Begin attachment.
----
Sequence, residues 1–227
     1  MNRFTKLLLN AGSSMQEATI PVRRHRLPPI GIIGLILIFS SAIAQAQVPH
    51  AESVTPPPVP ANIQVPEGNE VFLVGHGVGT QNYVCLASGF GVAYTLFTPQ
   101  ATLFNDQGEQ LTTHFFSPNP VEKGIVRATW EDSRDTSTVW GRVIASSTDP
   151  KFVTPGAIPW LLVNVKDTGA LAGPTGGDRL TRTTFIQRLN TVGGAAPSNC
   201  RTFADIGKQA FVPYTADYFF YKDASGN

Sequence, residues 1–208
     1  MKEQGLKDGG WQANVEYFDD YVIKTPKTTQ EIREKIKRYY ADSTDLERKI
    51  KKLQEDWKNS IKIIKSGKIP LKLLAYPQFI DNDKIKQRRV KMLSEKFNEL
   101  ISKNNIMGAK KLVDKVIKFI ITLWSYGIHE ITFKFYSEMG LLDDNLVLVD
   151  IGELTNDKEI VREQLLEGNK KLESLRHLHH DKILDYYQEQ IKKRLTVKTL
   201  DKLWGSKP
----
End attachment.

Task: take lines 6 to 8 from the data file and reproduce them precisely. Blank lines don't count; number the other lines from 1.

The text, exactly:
   201  RTFADIGKQA FVPYTADYFF YKDASGN

Sequence, residues 1–208
     1  MKEQGLKDGG WQANVEYFDD YVIKTPKTTQ EIREKIKRYY ADSTDLERKI